I just used some spray high-tack to hold the gasket into the housing - I hate being anal but the dumb thing should fit the machined part of the housing . The issue here is if you went to any other material you risk changing the durometer of the rubber and not allow it to seat the base housing gasket . Seems to work fine , no hot coolant in the upper hose until the thermostat opens so I think so far all is good . Engine does seem to run better so far but it's been nearly 40* here , odd weather for our state in January . I use liberal amounts of sil-glyde on the gaskets to prevent them sticking and getting pulled out of alignment , sure makes it nice working on stuff years down the road too .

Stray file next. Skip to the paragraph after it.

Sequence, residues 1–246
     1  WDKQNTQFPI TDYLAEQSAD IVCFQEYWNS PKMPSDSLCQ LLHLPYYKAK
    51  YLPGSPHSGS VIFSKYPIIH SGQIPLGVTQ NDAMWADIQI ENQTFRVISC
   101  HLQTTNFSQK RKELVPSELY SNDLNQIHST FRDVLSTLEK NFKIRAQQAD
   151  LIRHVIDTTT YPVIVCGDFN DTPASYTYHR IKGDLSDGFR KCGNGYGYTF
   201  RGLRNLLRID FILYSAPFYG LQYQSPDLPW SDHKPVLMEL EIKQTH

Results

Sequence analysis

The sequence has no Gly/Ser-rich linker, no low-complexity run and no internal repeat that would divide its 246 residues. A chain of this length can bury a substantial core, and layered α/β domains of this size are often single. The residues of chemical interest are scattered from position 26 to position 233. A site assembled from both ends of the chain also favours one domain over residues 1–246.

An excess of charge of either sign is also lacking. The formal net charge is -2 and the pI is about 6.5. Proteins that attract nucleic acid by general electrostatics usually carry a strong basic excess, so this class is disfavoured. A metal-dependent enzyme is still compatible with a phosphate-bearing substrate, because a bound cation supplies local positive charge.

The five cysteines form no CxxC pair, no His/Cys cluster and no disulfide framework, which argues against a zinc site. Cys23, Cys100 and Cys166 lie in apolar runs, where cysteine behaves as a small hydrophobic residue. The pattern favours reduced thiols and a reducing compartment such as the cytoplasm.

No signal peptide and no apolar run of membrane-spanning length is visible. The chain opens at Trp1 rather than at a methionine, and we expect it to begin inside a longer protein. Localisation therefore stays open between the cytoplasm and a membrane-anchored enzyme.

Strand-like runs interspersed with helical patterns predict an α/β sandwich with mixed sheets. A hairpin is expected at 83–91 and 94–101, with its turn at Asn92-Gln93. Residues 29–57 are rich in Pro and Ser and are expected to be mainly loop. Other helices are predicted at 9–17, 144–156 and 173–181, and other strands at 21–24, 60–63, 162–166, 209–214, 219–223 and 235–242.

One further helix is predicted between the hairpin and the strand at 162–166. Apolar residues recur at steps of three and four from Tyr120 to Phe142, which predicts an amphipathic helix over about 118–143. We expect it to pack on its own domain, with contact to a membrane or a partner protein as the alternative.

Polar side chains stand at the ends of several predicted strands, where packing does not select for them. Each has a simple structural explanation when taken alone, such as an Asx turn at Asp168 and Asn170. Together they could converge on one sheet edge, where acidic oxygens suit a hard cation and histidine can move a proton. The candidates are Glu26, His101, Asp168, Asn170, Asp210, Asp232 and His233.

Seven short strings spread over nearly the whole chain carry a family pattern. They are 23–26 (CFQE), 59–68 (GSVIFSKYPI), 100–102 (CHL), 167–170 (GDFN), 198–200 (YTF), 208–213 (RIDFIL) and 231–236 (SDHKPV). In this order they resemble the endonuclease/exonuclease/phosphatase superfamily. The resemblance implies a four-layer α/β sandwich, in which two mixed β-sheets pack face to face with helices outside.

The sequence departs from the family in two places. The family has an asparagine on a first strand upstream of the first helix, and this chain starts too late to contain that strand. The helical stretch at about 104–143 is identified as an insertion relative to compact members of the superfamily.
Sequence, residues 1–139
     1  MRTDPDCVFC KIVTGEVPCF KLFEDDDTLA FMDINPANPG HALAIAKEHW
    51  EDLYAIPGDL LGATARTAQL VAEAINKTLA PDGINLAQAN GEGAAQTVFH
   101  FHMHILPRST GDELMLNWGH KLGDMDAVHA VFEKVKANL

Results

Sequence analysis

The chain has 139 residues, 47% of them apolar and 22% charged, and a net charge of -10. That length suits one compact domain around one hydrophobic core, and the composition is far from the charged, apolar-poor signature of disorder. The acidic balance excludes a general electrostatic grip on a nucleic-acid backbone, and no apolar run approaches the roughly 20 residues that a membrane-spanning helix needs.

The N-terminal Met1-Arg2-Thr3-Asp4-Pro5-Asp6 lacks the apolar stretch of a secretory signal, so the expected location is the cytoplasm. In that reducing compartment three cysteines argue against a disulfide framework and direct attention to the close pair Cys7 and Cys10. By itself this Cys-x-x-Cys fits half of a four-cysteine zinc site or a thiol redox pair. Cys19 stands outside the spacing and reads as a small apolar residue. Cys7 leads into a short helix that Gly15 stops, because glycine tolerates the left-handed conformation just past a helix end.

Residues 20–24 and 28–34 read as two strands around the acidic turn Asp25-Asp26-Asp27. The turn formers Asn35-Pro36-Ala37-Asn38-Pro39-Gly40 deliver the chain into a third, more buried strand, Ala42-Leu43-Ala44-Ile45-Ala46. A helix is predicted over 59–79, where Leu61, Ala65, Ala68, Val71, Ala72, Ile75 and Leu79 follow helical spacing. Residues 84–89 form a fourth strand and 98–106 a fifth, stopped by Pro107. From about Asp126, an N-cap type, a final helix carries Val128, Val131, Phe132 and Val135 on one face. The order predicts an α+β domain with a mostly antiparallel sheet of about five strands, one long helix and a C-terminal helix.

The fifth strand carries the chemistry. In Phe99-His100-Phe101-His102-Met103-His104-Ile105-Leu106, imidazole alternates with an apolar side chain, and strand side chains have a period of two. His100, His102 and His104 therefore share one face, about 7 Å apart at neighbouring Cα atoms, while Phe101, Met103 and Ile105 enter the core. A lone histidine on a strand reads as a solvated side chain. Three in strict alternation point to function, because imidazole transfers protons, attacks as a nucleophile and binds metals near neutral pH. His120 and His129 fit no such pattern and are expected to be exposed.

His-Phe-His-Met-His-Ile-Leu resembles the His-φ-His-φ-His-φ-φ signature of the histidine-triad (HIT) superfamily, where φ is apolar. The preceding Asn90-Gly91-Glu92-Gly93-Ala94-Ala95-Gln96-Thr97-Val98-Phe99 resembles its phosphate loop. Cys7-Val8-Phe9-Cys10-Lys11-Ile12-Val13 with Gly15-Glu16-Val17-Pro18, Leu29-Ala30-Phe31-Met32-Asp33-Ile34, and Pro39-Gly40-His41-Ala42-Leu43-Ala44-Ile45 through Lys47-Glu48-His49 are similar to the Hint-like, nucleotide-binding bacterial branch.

BTW- the top interior rubber gasket is nearly 3/16" too small overall - I'm going to look into some plumbing gaskets I've found for black plastic pipe connectors for sinks as some of those look promising .

On a side note - due to our temp swings here in Salt of The Earth Illinois I may run a fluid heat riser on the intake since I run a header . Maybe a dumb question , but if the heater valve is working correctly this should work fine for summer use (last year we saw 104* days) since coolant won't be flowing with the heater off ??
Sarge
 

FJ40Jim

The Cruiser Whisperer
Joined
Sep 26, 2003
Messages
10,695
Location
Lancaster, Ohio, USA
 
 
 
Yes, that's the beauty of the fluid heat riser: it adds heat when you & the engine want it, and doesn't heat the intake when you & the engine are comfortably warm.
 
Top Bottom